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 When we visited Buenos Aires recently, the city was celebrating an international festival of tango.  The former Harrod's department store directly across from our hotel was full of dancers, musicians and vendors selling traditional shoes, stockings, dresses, hats and suspenders to tango enthusiasts.   The mood was festive and the action spilled out to the street, with throngs of people gathering to watch couples young and old, professional and amateur, perform the classic dance of Argentina.  Tango was born on the streets of Buenos Aires, in the port district of La Boca, where immigrants developed the dance in the late 19th century.   Derived from a blend of  Spanish, African,  Slavic and Cuban dance forms, the tango is a stylized portrayal of seduction, with male and female engaged in a game of stealth, enticement, teasing, rejection, acceptance and embrace.   While the passionate sensuality of the tango is obvious to any spectator, there is also a darker undercurrent that propels the dance.  Contrasting the smooth, almost feline walking movements are the adornos that involve sharp, staccato thrusts of the feet that mimic a knife blade.   The famous Argentine writer Jorge Luis Borges noted the presence  of opposing forces in the dance and explained its uniquely beautiful combination of violence and grace.   "The tango is a direct expression of something that poets have often tried to state in words:  the belief that a fight may be a celebration."

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A chef could create a career  based on that belief.  Dishes combining opposite flavours and textures excite the palate.   The eater is  intrigued as ingredients fight for dominance, play back and forth, tease the tastebuds and finally join forces in  a delicious seduction of the senses.     A good example is our favourite summer appetizer made from slices of  honeydew melon wrapped in  jamon crudo.   Similar to  Italian prosciutto, jamon crudo is made locally by salting a leg of pork, washing it and  hanging it on a hook to cure in the open air.  It has a dry, chewy texture and a fatty, salty flavour which is the very opposite of the sweet, juicy, melt-in-the-mouth ripe melon.   The two foods are perfect partners.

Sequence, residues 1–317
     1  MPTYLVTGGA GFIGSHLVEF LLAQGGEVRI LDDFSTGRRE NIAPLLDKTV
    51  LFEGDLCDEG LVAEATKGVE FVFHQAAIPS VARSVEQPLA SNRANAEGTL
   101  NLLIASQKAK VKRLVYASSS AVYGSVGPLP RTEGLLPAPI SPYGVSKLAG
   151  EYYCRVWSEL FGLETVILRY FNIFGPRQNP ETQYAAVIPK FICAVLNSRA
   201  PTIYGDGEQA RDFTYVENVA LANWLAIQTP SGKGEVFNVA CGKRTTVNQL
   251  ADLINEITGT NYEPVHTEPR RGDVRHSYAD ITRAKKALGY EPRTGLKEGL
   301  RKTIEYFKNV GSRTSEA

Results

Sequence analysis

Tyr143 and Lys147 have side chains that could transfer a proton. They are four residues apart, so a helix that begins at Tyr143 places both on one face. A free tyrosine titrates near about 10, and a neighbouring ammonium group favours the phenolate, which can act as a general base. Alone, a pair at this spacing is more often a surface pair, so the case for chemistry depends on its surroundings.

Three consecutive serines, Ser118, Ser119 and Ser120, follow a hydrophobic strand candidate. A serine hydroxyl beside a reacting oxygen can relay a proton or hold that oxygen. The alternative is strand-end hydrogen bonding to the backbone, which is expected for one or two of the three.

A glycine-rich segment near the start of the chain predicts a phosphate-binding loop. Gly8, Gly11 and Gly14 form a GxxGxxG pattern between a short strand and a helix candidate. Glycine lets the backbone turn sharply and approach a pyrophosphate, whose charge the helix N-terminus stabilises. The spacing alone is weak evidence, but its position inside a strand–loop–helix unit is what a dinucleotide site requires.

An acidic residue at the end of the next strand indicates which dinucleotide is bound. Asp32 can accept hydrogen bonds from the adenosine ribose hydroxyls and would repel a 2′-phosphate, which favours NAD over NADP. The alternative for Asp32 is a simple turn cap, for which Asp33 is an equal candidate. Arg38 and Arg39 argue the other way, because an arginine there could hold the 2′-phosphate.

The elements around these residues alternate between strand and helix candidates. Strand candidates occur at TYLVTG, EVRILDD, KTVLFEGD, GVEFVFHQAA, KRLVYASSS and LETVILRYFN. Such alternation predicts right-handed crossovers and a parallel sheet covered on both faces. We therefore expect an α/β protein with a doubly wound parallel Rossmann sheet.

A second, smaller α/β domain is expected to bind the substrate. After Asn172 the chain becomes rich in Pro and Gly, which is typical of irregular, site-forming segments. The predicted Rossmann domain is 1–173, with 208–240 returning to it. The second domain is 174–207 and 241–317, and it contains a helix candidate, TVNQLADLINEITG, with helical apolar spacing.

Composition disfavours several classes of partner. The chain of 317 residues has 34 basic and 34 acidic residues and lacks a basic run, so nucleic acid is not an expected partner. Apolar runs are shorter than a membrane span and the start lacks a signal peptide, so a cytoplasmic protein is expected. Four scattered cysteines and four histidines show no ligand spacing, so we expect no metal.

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We pair the appetizer with 2 x4 Tango Torrontes, an excellent summer wine made by Bodega Fantelli in Santa Rosa, Mendoza.  (2x4 refers to the  rhythm of the tango, not the specification for lumber which  North Americans are familiar with!)  This wine intrigues the nose with aromas of pear and flowers, dances in the mouth with citrus and green apple, and finishes with a flourish of herbal potpourri.   A bottle sells for 12.50 pesos at Vea supermarket.  Honeydew melons, purchased from roadside vendors, are 10 pesos each and jamon crudo, thinly sliced,  can be purchased at the delicatessen for about 14 pesos for 200 grams.  

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Jamon crudo